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Battle at the Lagoon: African Fish Eagle vs. Goliath Heron

A few of these photos and a brief synopsis of this encounter have been featured in a few periodicals overseas, but I thought it was time to share the full story with here.

During my visit to South Africa earlier this year, I visited a couple of new destinations in order to do some scouting for future tours.  It’s important to get a sense of what certain parks or reserves may offer in terms of photo opportunities for my clients.  There were a couple of relatively young game reserves in South Africa that I’d been hearing about recently that piqued my interest.  One of them, Zimanga, had made a name for itself by building some state-of-the-art photographic hides.  It made sense to check it out to gauge its potential for a future photo tour.

On my first afternoon at Zimanga, I had a session scheduled at the Lagoon Hide.  This was an underground bunker, accessed via a large corrugated pipe.  Once you enter the hide, you find yourself in a small elongated room with windows on both sides.  These windows are made of one-way glass, allowing you to look out to both sides of the lagoon in front of you without giving away your presence to the animals outside.  The lagoon is quite small, so any visitors to the lagoon are actually quite close to you.  With larger birds, this sometimes meant my 600mm lens was too long, so I spent a fair bit of time switching between three different lenses on my two camera bodies.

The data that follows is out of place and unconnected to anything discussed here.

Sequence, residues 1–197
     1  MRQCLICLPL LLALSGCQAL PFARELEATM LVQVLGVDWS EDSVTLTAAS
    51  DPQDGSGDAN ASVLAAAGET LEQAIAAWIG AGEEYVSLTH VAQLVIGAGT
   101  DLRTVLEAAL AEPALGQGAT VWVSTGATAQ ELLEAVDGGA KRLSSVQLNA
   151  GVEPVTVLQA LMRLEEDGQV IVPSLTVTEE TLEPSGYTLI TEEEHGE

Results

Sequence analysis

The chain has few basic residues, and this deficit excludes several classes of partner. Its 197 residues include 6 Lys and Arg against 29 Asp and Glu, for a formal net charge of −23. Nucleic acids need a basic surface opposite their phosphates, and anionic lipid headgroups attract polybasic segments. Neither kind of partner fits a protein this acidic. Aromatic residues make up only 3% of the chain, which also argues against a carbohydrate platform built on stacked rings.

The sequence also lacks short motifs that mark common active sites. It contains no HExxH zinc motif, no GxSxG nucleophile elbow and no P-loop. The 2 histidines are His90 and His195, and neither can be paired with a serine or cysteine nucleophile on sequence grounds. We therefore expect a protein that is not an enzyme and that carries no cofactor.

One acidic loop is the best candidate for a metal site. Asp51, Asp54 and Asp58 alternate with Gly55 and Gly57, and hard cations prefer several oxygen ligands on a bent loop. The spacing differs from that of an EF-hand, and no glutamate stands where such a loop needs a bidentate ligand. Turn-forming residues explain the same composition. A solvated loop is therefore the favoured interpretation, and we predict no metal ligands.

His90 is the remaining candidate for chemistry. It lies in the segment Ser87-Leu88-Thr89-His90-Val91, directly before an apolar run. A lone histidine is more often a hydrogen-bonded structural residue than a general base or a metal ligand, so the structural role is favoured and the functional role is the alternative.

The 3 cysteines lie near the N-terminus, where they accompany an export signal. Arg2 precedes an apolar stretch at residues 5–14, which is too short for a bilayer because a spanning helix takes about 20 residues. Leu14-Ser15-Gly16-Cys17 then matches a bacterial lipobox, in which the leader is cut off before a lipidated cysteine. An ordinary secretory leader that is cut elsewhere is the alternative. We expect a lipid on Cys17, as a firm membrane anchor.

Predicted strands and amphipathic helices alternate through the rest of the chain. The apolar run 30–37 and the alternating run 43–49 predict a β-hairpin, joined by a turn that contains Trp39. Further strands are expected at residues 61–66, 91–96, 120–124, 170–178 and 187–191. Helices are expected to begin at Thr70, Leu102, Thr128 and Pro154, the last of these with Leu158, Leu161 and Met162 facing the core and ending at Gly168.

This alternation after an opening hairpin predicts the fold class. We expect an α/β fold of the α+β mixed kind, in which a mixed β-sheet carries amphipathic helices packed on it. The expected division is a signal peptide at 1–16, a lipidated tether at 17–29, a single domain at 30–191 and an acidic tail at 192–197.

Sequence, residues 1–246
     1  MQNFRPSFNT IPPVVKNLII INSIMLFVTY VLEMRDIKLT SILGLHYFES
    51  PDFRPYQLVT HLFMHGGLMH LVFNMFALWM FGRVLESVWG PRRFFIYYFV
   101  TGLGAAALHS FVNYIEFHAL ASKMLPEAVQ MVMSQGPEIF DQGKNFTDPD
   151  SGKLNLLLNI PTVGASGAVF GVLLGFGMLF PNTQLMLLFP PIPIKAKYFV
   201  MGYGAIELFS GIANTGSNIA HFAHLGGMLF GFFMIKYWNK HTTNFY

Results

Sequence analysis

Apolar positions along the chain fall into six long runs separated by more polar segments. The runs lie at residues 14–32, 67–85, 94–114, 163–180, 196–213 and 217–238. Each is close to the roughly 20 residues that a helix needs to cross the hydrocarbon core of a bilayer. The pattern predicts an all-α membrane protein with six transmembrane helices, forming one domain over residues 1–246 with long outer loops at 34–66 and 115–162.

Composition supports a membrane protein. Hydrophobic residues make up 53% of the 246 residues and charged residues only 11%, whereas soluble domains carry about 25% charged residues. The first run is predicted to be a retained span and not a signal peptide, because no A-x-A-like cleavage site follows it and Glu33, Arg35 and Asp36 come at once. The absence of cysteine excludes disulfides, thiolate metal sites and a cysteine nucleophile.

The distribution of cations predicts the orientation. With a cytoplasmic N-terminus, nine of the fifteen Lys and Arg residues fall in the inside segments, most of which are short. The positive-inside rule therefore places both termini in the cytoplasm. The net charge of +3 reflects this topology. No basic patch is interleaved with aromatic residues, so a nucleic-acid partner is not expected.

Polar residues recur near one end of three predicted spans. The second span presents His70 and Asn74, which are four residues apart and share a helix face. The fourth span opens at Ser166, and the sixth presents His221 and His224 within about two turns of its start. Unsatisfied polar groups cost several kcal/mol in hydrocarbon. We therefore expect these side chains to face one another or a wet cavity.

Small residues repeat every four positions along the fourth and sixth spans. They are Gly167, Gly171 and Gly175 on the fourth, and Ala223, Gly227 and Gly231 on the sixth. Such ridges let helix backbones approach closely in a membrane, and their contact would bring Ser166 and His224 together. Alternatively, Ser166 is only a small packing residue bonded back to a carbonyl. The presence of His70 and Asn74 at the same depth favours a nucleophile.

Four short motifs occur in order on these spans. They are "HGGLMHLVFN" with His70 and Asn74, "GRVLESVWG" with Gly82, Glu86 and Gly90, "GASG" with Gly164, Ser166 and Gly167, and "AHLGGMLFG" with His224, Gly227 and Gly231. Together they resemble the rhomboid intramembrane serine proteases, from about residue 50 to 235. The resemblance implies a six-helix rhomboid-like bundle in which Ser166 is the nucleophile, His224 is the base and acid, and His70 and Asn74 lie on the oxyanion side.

It didn’t take long for photography to commence.  The Lagoon Hide is popular with birds in particular.  Though we could see larger mammals in the distance (warthogs, kudu, elephants), we only encountered avian species at the lagoon.  Smaller waders such as jacanas and stilts patrolled the far edge of the pond, but soon an African fish eagle arrived.

African Fish Eagle

This is a very handsome bird, reminiscent in some ways of our own bald eagles.  Though I had seen a few photos of fish eagles taken at the Zimanga hides, I figured I’d have to be pretty lucky to see one at close range like this (much less right off the bat!).  This particular perch was situated only a few meters from the hide window, so it was quite easy to snap some close portraits.

African Fish Eagle

The handsome raptor was a strange character.  I expected it to maybe swoop down on a small fish or frog and then fly off.  Instead, it stayed with us for some time.  It seemed preoccupied with patrolling the pond, flying back and forth (directly over our heads) to each shore.

African Fish Eagle

The fish eagle would land on the perch, on the opposite shoreline, or sometimes even on the roof of the hide!  It’s too bad we didn’t have a skylight in our bunker to photograph it from below.  It was a real treat to have so many opportunities to photograph such a beautiful raptor at close range (and from a low angle) like this.  Little did I know that the hide shoot would soon get even better.

About an hour into our session, a new visitor arrived at the lagoon.

Goliath Heron

Those massive legs belong to the Goliath heron, so called because it’s the world’s tallest heron species (note how it dwarfs the fowl-sized African jacana above, even with the skewed perspective).  The heron showed up and began strutting about, occasionally dabbing at the water in attempts to catch a meal.

Goliath Heron

Meanwhile, the eagle kept flying back and forth across the lagoon.  So eventually these two large birds ended up on the same side.

Goliath Heron and Fish Eagle